Pigment Chemistry and Structure

Home / Education / ARChives / Foundational Discussions

Pigment Chemistry and Structure

From George O'Hanlon

Published before 2005


Posted by Brian van der Spuy:

I am endlessly fascinated with the pigments of pre-industrial times. They seem to have a different character, even if many are more subdued than the ones we have today.

Brian,

It is true that many of the pigments on the Old Masters' palette are more subdued than today's modern pigments, but this appears to be a benefit for artists who are concerned about portraying natural colors.

The different character of pigments from pre-industrial times does not stop with color. I have found many more interesting differences than simply the color of the pigment; an entirely different range of paint body is possible with the coarser and heterogeneous pigment particles used by the Old Masters. The particles of the pigments used by the Old Masters vary from today's pigments in three significant ways: size, size distribution and shape.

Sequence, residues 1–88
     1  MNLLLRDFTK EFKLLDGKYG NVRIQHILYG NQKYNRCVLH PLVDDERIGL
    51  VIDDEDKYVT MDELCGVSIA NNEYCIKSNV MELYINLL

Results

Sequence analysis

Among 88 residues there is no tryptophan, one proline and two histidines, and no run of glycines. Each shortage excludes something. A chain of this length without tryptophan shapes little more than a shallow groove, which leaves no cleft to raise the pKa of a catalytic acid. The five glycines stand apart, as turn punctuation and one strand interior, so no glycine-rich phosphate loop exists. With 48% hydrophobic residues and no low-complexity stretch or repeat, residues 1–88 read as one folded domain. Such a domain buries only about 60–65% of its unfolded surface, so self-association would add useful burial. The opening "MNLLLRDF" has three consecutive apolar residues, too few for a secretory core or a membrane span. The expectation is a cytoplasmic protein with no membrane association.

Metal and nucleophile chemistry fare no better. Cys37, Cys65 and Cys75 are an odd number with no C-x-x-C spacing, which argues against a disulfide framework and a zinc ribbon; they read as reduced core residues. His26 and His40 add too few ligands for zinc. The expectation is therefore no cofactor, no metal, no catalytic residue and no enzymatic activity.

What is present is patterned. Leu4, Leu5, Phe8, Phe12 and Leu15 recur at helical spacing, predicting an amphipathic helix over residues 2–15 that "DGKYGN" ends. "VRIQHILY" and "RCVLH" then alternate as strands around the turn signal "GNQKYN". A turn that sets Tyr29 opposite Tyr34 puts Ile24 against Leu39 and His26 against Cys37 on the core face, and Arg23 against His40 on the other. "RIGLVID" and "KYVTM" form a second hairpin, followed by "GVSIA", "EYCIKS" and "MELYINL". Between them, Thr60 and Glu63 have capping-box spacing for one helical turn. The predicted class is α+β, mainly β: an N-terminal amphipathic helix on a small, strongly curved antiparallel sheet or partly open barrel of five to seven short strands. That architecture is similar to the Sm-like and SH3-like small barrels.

Size Matters
Today, most modern pigment particles are less than 10 microns, and many are sub micron (less than one micron) in size. Some are so small that they approach the size of the wavelengths of visible light. This is one way to achieve transparency with some pigments that are normally opaque. The particle size of pigments found on the Old Masters' palette was often larger than one micron and many were as large as 70 microns (smalt is a good example). To put these measurements in perspective, very fine flour is typically milled to about five microns, whereas fine sand is about 100 microns. What does large pigment particles mean for artists' paint? Given the same pigment, a paint made with larger particles allows more light to pass through it and appears more transparent than a paint made with the same pigment, only with smaller particles. (This is one reason why modern paints are formulated with pigments consisting of the smallest possible particles—more opacity and better coverage or hiding power—means less pigment is required and less cost.) Perhaps this was one of the secrets of the Old Masters' glazing technique—pigments that are more transparent preclude the need to dilute paint with mediums in order to achieve greater transparency yet maintain paint body or consistency. Larger particles can also create both visual and physical texture in the paint layer; a feature often exploited by ancient painters.